The Evolution of the Surgical Treatment of High-Grade Adolescent Isthmic Spondylolisthesis: Successes and Failures. A Single Center 50 Year Experience: PAPER #74 : Spine Journal Meeting Abstracts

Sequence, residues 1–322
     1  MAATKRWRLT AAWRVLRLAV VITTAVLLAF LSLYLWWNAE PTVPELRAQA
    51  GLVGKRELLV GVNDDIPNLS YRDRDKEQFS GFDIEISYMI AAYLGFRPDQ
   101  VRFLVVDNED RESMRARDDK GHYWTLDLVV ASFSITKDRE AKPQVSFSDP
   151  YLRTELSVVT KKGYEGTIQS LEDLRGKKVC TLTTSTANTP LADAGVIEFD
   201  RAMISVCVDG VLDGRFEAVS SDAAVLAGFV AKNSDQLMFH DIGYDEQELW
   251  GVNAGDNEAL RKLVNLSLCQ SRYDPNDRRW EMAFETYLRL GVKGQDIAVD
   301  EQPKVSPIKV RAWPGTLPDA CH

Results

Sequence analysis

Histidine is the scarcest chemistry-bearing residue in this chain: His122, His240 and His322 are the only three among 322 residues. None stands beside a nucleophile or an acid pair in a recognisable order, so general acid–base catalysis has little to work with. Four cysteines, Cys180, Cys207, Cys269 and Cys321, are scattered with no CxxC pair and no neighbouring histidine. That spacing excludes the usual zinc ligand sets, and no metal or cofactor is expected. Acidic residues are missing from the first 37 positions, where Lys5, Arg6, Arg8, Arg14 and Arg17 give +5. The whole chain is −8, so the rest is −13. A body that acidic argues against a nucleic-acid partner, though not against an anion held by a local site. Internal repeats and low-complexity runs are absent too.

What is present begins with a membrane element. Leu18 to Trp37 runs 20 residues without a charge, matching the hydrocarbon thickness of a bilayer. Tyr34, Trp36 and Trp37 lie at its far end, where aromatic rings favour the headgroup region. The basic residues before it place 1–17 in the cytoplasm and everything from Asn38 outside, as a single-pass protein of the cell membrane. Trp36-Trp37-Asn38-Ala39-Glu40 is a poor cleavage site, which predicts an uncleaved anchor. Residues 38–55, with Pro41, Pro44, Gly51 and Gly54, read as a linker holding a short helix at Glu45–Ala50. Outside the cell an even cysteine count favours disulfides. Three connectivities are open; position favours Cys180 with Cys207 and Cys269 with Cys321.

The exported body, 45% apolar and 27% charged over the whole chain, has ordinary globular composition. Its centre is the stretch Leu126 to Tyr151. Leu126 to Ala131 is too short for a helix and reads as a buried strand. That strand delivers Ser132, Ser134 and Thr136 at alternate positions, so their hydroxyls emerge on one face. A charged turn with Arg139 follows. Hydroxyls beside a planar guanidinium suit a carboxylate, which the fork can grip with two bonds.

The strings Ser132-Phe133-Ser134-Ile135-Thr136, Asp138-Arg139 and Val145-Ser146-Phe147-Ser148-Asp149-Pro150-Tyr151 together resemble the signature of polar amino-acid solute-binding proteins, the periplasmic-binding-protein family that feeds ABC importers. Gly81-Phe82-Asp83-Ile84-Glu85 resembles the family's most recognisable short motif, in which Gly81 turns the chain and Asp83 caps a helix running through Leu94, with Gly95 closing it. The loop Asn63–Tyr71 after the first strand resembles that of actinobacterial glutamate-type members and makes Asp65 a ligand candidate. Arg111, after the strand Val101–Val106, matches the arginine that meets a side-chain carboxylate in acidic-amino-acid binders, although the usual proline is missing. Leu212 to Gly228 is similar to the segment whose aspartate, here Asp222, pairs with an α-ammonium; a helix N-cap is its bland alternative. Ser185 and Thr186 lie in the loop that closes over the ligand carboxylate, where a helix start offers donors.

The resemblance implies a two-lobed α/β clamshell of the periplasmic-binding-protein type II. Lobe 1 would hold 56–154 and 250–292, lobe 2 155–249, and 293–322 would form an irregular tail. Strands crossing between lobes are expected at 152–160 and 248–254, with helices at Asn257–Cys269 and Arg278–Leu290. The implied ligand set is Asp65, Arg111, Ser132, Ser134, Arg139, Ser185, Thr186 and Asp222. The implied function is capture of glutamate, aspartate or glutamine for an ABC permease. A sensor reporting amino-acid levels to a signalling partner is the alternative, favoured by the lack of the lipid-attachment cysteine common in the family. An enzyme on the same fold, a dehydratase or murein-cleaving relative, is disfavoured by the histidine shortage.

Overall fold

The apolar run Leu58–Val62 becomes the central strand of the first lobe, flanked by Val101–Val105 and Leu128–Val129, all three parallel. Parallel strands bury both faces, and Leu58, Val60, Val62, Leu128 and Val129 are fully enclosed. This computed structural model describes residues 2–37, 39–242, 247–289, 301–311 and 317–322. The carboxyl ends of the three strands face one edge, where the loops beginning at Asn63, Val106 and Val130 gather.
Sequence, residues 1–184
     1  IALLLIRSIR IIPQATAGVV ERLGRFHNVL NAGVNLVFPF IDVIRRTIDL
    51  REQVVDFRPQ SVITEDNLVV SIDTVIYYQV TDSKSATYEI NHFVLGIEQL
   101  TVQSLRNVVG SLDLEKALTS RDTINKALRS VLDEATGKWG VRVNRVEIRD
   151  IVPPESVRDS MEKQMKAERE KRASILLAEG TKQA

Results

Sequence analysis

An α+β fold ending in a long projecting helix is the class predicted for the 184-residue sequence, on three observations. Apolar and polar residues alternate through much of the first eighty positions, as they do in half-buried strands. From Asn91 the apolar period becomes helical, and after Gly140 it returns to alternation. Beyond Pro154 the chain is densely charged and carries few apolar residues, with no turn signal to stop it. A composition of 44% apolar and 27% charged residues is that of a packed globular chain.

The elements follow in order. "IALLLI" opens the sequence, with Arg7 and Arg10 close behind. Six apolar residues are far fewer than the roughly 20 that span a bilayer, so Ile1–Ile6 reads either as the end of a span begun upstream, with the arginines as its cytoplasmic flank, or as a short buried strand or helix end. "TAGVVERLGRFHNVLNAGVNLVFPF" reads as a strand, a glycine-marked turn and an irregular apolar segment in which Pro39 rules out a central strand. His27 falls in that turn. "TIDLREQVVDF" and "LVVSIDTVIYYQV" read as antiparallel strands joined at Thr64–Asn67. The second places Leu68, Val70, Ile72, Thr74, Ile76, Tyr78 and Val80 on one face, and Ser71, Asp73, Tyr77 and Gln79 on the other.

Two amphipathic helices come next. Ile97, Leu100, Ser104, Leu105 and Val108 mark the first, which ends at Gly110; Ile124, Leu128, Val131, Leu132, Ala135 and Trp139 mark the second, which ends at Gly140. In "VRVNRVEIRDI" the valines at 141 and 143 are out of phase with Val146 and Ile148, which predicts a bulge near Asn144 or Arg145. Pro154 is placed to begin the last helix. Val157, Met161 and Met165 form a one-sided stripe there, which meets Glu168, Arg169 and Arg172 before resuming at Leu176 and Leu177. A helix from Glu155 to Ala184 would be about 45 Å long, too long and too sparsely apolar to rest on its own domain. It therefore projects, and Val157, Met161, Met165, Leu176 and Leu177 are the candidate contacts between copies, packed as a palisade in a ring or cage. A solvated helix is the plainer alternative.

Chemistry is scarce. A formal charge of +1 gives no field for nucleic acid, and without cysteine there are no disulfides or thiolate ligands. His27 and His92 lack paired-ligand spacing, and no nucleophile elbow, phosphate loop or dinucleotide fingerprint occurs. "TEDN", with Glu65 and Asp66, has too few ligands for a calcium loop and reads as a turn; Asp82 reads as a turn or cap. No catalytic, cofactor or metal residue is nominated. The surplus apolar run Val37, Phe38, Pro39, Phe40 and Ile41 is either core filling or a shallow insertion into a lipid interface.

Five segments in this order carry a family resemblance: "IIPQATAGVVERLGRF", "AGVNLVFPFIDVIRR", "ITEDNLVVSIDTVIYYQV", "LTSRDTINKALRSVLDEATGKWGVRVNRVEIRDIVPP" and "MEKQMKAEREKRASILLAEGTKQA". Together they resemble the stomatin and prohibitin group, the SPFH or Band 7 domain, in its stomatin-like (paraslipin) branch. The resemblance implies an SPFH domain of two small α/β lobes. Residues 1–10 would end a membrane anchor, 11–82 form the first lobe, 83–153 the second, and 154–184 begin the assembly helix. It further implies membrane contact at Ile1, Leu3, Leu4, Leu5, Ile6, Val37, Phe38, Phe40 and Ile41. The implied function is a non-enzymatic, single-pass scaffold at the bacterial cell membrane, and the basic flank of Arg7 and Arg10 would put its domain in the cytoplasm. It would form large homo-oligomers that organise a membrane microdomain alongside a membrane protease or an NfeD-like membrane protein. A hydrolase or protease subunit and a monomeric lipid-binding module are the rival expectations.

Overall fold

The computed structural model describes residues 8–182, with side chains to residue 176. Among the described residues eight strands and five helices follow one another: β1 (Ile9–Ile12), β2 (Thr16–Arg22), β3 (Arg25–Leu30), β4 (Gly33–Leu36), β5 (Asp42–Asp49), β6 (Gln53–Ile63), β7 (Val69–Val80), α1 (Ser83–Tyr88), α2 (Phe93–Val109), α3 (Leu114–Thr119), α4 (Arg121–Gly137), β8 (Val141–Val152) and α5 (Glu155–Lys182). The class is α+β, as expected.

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00152232-201100002-00074AbstractSpine: Affiliated Society Meeting AbstractsSpine: Affiliated Society Meeting Abstracts© 2011 Lippincott Williams & Wilkins, Inc. p 93The Evolution of the Surgical Treatment of High-Grade Adolescent Isthmic Spondylolisthesis: Successes and Failures. A Single Center 50 Year ExperiencePAPER #74PODIUM PRESENTATION ABSTRACTSGuillaume, Tenner J. MD; Perra, Joseph H. MD; Lonstein, John; Winter, Robert B. MDUSASummary: Retrospective chart and Xray review to evaluate procedure associated fusion rates, complications, reoperations, and the risks and benefits of aggressive surgical reduction at a single center over a 50-year period.Introduction: The benefits of aggressive surgical reduction of high-grade adolescent isthmic spondylolisthesis do not outweigh the risks.Methods: 63 patients met the inclusion criteria of high-grade (>50%) isthmic spondylolisthesis, patient less than 18 years old at surgery, surgical intervention performed between 1960 and 2008, and absence of a syndromic diagnosis.Results: Of the 63 patients, 34 had slips of 51% - 75%, 13 had slips of 76% 100%, and 10 had slips of > 101%. 39 patients had 2-year radiographic follow-up. 43 patients underwent either no or table assisted reduction. A posterior fusion was performed in 32 patients (25 uninstrumented and 7 instrumented), 10 with 360-degree fusion (6 uninstrumented and 4 instrumented), and 1 with uninstrumented anterior fusion.18 patients underwent aggressive active reduction. A posterior fusion was performed in 12 patients (1 uninstrumented and 10 instrumented), a 360-degree fusion was performed in 6 patients (5 uninstrumented and 1 instrumented) and 1 had an uninstrumented anterior fusion.There were 5 (11.6%) pseudoarthroses in the minimally reduced group, all of which were uninstrumented posterior fusions, and 3 (16.7%) pseudoarthroses in the aggressively reduced group (one each in the posterior instrumented, uninstrumented anterior, and uninstrumented 360 groups).Overall there were 5 neurologic complications (7.9%), all occurring in patients that were actively reduced (26% of active reductions), of which 3 were permanent.There were 8 reoperations in the actively reduced group, and 6 reoperations in the minimally reduced group.Conclusion: We found that aggressive reduction did not improve fusion rate, increased neurologic complications, and resulted in a higher reoperation rate.Significance: Excellent outcomes are obtained without significant morbidity and minimally reduced treatment of Adolescent High-Grade Spondylolisthesis.<strong xmlns:mrws="http://webservices.ovid.com/mrws/1.0">The Evolution of the Surgical Treatment of High-Grade Adolescent Isthmic Spondylolisthesis: Successes and Failures. A Single Center 50 Year Experience</strong>: <strong xmlns:mrws="http://webservices.ovid.com/mrws/1.0">PAPER #74</strong>Guillaume Tenner J. MD; Perra, Joseph H. MD; Lonstein, John; Winter, Robert B. MDPODIUM PRESENTATION ABSTRACTSPODIUM PRESENTATION ABSTRACTSp 93